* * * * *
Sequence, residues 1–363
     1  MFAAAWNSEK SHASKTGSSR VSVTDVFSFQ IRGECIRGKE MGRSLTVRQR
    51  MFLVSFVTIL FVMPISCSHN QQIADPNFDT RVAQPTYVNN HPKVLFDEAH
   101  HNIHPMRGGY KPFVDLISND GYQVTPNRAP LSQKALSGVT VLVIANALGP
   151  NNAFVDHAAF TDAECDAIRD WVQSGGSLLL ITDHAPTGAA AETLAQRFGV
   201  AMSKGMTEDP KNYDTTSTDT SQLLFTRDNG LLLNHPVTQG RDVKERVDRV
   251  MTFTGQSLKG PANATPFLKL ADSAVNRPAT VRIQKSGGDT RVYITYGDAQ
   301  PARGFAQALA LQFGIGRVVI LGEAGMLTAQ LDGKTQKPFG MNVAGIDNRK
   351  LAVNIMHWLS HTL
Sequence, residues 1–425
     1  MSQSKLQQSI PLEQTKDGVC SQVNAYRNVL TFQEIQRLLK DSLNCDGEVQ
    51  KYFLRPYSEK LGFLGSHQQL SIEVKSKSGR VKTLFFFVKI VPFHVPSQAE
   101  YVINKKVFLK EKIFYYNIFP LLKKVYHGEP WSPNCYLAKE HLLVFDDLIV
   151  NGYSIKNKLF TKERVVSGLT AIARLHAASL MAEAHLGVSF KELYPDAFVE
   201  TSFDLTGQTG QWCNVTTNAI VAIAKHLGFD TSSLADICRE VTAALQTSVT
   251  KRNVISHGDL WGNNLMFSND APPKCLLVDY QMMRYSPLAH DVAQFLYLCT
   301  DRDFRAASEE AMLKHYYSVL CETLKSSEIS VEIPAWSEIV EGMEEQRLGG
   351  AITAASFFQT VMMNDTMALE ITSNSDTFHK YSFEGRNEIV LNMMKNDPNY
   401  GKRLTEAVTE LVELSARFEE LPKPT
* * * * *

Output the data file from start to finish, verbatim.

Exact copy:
Sequence, residues 1–363
     1  MFAAAWNSEK SHASKTGSSR VSVTDVFSFQ IRGECIRGKE MGRSLTVRQR
    51  MFLVSFVTIL FVMPISCSHN QQIADPNFDT RVAQPTYVNN HPKVLFDEAH
   101  HNIHPMRGGY KPFVDLISND GYQVTPNRAP LSQKALSGVT VLVIANALGP
   151  NNAFVDHAAF TDAECDAIRD WVQSGGSLLL ITDHAPTGAA AETLAQRFGV
   201  AMSKGMTEDP KNYDTTSTDT SQLLFTRDNG LLLNHPVTQG RDVKERVDRV
   251  MTFTGQSLKG PANATPFLKL ADSAVNRPAT VRIQKSGGDT RVYITYGDAQ
   301  PARGFAQALA LQFGIGRVVI LGEAGMLTAQ LDGKTQKPFG MNVAGIDNRK
   351  LAVNIMHWLS HTL
Sequence, residues 1–425
     1  MSQSKLQQSI PLEQTKDGVC SQVNAYRNVL TFQEIQRLLK DSLNCDGEVQ
    51  KYFLRPYSEK LGFLGSHQQL SIEVKSKSGR VKTLFFFVKI VPFHVPSQAE
   101  YVINKKVFLK EKIFYYNIFP LLKKVYHGEP WSPNCYLAKE HLLVFDDLIV
   151  NGYSIKNKLF TKERVVSGLT AIARLHAASL MAEAHLGVSF KELYPDAFVE
   201  TSFDLTGQTG QWCNVTTNAI VAIAKHLGFD TSSLADICRE VTAALQTSVT
   251  KRNVISHGDL WGNNLMFSND APPKCLLVDY QMMRYSPLAH DVAQFLYLCT
   301  DRDFRAASEE AMLKHYYSVL CETLKSSEIS VEIPAWSEIV EGMEEQRLGG
   351  AITAASFFQT VMMNDTMALE ITSNSDTFHK YSFEGRNEIV LNMMKNDPNY
   401  GKRLTEAVTE LVELSARFEE LPKPT